5

The evaluation of PhD candidate is done based on his/her thesis, his defence presentation and the oral examination (in some countries). If the examiners do not find so much to argue about, the candidate gets "magna cum laude". In some cases, he may get "summa cum laude".

By attending some PhD examinations and reading the theses, I could not find the key factor, which distinguishes between these two academic honours. The publication list was not a criterion as well. Note that I am talking about examinations in the same faculty of the same university.

Since there is no concrete evaluation of the PhD examination, how examiners decide to give "summa cum laude" instead of "magna cum laude"? In other words, what can the candidate do to make this difference?

8
  • 7
    What country are you referring to? PhD grades/honors are foreign to me. Where I graduated in the US, it was pass/fail and nothing beyond that. – Thomas Jul 19 '17 at 19:14
  • 3
    How did your committe members respond when you asked them this question? (You did ask your committee members, didn't you?) – JeffE Jul 19 '17 at 20:05
  • 1
    I'm guessing these distinctions aren't all that meaningful beyond the defense (although I am in the US, where the latin honors are only used for undergraduates in my experience): you will be evaluated for future positions based on your research productivity, letters of recommendation, etc. – Bryan Krause Jul 19 '17 at 20:19
  • 1
    At the institutions i know (Germany), the summa cum laude grade is jealously guarded by the faculty, and a Prof who want's it for a student has to be very persuasive, even dig out "Vordiplom" and "Abitur" grades. But it varies. We had a minister of defence who lost his office and doctorate over plagiarism in an already lousy thesis for which he had received "summa". – Karl Jul 19 '17 at 20:59
  • 1
    It is definitely a "country thing" - not even universally European (to sort of refer to Thomas' comment). - In the UK one can have a pass/minor revisions/major revisions/deferral/fail in the PhD Viva (the oral examination) - and after the corrections it is either pass or fail and there is no distinction on the final certificate. – DetlevCM Jul 20 '17 at 7:04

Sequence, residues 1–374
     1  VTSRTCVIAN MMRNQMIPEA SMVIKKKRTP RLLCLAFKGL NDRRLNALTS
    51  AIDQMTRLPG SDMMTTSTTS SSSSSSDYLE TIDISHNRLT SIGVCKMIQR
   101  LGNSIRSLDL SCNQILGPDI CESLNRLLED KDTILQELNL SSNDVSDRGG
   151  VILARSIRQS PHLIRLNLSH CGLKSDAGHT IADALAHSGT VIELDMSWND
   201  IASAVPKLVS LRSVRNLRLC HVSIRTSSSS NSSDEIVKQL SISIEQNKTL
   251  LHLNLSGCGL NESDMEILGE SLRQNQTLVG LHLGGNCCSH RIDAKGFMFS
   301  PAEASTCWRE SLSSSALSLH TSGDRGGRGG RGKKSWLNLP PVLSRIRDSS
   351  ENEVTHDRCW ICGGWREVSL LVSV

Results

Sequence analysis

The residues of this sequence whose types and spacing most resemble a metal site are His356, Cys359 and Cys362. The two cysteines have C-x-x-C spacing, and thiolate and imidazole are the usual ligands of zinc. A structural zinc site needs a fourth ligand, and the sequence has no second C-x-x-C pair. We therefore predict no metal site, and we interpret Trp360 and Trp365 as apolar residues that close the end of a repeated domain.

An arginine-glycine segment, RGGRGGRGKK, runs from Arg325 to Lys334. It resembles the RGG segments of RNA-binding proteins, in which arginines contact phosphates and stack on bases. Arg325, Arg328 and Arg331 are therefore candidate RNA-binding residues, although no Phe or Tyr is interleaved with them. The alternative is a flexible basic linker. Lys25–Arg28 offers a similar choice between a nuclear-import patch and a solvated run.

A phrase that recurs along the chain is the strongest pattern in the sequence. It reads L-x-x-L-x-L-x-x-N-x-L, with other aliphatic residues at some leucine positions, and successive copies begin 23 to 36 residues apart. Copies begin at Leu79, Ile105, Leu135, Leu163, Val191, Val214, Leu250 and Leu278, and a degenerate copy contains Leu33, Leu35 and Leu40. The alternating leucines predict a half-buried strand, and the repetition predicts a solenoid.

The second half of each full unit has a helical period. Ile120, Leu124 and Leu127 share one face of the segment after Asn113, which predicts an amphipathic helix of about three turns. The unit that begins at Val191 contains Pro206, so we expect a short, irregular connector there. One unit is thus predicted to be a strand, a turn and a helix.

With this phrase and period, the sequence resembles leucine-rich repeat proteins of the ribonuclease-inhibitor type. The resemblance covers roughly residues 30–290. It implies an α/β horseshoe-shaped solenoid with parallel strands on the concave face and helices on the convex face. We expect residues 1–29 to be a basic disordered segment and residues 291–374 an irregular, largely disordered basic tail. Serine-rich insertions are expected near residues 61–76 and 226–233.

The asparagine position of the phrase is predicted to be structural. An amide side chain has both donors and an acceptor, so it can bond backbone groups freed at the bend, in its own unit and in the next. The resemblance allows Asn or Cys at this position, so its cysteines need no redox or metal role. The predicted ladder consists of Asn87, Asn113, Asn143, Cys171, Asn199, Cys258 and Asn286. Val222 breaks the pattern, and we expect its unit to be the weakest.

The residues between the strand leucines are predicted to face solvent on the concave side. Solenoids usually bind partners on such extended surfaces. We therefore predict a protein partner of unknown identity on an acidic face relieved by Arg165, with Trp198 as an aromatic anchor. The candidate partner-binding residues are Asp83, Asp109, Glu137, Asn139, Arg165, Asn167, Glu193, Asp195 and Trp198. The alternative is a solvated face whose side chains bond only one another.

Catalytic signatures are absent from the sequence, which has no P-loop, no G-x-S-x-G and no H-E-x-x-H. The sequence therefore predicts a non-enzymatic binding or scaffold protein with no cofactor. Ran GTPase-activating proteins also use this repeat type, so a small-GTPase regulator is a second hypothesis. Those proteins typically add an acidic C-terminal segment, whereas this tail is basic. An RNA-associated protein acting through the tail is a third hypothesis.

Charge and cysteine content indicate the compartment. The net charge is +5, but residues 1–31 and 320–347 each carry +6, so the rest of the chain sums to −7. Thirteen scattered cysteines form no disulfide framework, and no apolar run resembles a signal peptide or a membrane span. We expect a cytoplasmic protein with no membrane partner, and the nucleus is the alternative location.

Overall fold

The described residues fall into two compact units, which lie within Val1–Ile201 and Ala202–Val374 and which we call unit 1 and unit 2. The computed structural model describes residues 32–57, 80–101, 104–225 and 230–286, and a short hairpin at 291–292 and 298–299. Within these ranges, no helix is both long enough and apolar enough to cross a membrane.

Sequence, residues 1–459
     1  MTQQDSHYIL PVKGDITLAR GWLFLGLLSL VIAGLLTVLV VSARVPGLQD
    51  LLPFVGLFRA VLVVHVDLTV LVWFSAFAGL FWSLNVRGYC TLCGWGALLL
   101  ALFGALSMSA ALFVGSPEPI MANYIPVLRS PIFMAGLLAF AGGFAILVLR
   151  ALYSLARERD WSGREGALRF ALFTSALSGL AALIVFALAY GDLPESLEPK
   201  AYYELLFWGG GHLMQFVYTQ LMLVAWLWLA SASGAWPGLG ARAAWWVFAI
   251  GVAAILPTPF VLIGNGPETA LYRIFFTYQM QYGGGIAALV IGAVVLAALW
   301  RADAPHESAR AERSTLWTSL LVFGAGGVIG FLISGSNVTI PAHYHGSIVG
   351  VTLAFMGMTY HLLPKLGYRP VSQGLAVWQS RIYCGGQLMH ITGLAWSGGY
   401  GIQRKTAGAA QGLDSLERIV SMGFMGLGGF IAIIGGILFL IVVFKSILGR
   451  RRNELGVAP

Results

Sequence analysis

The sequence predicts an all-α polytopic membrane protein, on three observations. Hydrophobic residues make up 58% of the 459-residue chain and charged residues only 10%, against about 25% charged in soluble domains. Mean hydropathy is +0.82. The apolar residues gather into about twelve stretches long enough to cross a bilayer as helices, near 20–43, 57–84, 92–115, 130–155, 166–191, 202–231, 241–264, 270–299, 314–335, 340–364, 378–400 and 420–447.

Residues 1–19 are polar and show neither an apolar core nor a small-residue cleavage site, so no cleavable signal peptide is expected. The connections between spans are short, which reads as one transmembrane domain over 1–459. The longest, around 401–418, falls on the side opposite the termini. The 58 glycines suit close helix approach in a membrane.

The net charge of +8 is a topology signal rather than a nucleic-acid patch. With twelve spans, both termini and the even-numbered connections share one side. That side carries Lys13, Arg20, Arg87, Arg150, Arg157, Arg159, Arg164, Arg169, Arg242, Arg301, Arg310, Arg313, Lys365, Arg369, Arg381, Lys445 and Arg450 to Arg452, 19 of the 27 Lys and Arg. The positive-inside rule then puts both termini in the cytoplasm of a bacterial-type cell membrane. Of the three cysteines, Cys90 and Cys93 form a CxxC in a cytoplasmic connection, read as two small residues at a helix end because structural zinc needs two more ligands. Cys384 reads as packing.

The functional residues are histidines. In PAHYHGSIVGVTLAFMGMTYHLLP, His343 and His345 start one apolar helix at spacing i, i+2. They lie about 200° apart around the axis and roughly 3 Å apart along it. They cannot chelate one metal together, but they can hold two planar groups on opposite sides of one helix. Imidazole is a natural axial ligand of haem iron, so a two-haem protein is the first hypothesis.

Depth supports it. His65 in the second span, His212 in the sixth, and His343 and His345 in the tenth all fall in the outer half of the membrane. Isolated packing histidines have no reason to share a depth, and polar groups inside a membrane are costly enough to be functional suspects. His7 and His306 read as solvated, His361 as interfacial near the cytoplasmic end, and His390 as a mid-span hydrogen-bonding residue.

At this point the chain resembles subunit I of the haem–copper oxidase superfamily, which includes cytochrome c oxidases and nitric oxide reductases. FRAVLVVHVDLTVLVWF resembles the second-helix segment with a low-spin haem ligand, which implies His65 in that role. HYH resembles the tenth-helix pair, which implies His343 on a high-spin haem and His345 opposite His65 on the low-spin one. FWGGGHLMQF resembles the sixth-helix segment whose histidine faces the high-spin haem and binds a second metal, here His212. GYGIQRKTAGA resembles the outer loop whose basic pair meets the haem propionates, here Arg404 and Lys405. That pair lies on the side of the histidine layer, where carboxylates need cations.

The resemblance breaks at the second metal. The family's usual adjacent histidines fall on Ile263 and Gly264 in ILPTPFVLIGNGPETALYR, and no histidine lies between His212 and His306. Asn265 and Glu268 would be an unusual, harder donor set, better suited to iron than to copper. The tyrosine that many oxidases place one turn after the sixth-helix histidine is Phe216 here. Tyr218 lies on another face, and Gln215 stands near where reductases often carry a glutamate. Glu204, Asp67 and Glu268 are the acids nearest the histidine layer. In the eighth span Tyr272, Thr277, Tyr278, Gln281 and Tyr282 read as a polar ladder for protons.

5

There is - to my knowledge - no universal guideline. But basically "magna cum laude" is the go to grade for good students, so hopefully the one most students of an institution receive. To get a "summa cum lauda" a student needs to really show outstanding promising work, winning awards for papers can be an indicator, but is neither a necessary nor a sufficient criteria. Basically the supervisors need to believe they see a future professor/inventor/researcher in the making who has the potential to shape the research in some area.

On the other hand (where available), if the candidate does okay, but with some let-downs, there is often also the "cum laude" option.

Note that this also can vary by country and institution. See https://en.wikipedia.org/wiki/Doctorate or (German but way more on grades, checkout the "Bewertung" section) https://de.wikipedia.org/wiki/Promotion_(Doktor) for a list of varying grades (again, there seems to be additional institution/area variation in addition to the country defaults).

4
  • The reference you give doesn't mention latin honors except for Spain. – Bryan Krause Jul 19 '17 at 20:21
  • 1
    I'd have thought Magna at least meant above average, but otherwise agree with this answer. But I only really know in the undergrad context. – Noah Snyder Jul 19 '17 at 20:40
  • Indeed, I didn't check properly which language version contains what, it seems the German Wikipage has the most details on grades, so I'll refer that if only to help get a grasp of the variations. – Frank Hopkins Jul 19 '17 at 20:43
  • @NoahSnyder - well one of my Professors would have said, you should already be an above average student to attempt a Phd ;) So I'd read it as a good grade but have the underlying assumption that you expect to be "good" from a Phd student anyways - it's a matter of perspective/expectation. I would for instance not expect a Phd student to hand in his thesis and then fail, which cuts off all the "failing" grades from the grading scheme in reality (as I know it). – Frank Hopkins Jul 19 '17 at 20:48

Your Answer

By clicking “Post Your Answer”, you agree to our terms of service, privacy policy and cookie policy

Not the answer you're looking for? Browse other questions tagged or ask your own question.